Arvada, Lakewood each put spending measures on November ballot that avoid tax increases
Measures would fund transportation improvements, open space purchases
PUBLISHED: August 28, 2018 at 6:11 pm |
Suburban voters west of Denver will weigh in on more than $100 million in municipal spending proposals on this fall’s ballot, with Arvada residents set to vote on two major road projects and residents in Lakewood ready to decide whether the city can hang on to extra revenues to fix roads, buy open space property and purchase law enforcement equipment.
Each ballot measure was sent to the Nov. 6 ballot Monday night by a vote of the city council in its community. Neither would raise taxes.
Lakewood’s measure asks voters if the city can retain and spend $12.5 million in revenues it collected in 2017 that exceed what the Taxpayer Bill of Rights, or TABOR, permits governments in Colorado to keep. The measure also asks if the city can do the same with any excess money it collects through fiscal year 2025.
The extra $12.5 million taken in last year would be allocated as follows: $8.5 million for open space and parkland purchases, $2 million for police protective gear, and $2 million for infrastructure and transportation improvements. In future years, retained revenues would be assigned evenly among the three categories.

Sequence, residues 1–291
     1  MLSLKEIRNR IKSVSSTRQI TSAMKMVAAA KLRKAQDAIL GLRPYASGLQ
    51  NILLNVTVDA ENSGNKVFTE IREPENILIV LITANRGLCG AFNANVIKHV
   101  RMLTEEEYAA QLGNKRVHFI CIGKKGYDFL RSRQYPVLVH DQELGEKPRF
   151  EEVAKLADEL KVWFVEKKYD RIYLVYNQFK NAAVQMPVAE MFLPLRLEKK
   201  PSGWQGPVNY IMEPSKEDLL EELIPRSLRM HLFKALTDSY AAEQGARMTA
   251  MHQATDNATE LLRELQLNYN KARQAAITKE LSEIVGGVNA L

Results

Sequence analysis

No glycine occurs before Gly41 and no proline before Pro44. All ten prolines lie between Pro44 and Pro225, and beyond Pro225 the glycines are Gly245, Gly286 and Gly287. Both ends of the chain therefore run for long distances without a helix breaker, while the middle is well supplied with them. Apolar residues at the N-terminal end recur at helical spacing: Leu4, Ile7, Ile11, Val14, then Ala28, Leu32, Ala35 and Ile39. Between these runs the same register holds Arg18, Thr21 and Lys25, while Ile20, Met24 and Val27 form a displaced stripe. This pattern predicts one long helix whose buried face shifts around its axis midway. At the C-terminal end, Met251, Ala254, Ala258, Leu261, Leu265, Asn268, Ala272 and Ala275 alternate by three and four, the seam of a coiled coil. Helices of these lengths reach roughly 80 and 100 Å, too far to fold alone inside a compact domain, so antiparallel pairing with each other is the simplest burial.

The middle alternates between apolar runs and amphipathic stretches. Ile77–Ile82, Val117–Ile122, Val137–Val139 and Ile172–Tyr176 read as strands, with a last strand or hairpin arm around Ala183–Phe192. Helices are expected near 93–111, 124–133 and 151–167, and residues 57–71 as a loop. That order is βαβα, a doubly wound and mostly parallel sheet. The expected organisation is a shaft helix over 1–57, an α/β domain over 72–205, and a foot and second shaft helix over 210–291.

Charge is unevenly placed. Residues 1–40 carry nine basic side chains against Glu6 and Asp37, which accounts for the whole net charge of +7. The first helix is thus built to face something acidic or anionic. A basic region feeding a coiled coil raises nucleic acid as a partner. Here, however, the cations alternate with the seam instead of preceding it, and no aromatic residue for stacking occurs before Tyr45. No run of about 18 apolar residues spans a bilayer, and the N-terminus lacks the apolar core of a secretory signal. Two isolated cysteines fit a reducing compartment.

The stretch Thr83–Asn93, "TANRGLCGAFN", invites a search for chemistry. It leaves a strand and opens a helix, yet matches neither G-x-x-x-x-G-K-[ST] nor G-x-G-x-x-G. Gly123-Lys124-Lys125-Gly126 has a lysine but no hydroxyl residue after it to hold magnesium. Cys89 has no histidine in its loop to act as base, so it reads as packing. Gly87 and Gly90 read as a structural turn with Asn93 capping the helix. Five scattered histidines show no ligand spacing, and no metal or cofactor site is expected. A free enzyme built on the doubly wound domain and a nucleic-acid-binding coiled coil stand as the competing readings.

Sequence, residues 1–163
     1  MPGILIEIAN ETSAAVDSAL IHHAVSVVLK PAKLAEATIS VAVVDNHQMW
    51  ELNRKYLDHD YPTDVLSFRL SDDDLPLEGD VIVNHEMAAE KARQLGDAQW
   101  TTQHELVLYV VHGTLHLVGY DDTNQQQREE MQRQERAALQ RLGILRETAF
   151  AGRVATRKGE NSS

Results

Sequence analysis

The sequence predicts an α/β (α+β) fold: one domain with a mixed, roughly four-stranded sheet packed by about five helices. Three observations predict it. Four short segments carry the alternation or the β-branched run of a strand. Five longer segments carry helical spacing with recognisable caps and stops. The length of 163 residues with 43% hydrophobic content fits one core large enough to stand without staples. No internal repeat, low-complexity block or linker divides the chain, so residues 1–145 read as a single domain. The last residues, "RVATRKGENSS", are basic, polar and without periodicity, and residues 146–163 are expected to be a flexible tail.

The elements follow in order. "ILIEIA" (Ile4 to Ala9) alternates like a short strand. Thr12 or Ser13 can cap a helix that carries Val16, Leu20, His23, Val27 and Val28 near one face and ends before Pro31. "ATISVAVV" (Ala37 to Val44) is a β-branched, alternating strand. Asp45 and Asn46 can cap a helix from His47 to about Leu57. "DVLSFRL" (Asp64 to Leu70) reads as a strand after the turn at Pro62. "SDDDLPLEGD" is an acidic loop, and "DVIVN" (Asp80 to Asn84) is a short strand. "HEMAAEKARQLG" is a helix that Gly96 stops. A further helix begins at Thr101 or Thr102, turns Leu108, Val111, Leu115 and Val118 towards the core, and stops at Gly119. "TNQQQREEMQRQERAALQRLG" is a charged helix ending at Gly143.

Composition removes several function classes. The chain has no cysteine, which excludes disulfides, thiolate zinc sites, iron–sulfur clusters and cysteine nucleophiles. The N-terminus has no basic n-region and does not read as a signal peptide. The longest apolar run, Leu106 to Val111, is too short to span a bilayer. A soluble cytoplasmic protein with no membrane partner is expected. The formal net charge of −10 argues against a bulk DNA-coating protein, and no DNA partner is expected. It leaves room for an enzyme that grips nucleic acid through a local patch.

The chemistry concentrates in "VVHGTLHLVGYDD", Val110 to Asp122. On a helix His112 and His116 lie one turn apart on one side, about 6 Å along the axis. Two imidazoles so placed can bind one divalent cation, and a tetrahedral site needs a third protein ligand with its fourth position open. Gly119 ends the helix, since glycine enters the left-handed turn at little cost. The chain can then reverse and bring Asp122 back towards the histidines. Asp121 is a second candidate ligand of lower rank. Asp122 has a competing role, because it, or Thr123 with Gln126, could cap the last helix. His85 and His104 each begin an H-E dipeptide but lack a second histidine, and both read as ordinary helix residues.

“This is a great opportunity for Lakewood residents to reinvest substantial dollars back into our community for important city services like police, infrastructure and parkland – all without raising taxes,” Lakewood Mayor Adam Paul said Tuesday.
Lakewood voters have a long history of overriding TABOR spending limits, including a vote in 1999 that directed the city to keep excess revenues for the following seven years.
In Arvada, city leaders on Monday sent a bond issue to the ballot that, if approved, will allow the city to issue up to $125 million in debt to overhaul two heavily traveled corridors in the fast-growing city.
Ralston Road would be widened between Garrison and Yukon streets, with sidewalks rebuilt and room added for bicycles. West 72nd Avenue, between Kipling and Simms streets, would also see capacity added for vehicles and bikes. But the most ambitious aspect of the project would be the construction of an underpass at the Union Pacific railroad crossing, just east of Oak Street, which the city characterizes as a “bottleneck” area.
The cost to overhaul both corridors is estimated at $80 million, but with interest payments added over time the total debt to fund the effort is expected to reach $125 million. It will be repaid with existing revenue, city officials said.
Two years ago, Arvada residents rejected a measure that would have hiked the city’s sales tax to pay for $9 million in road repairs.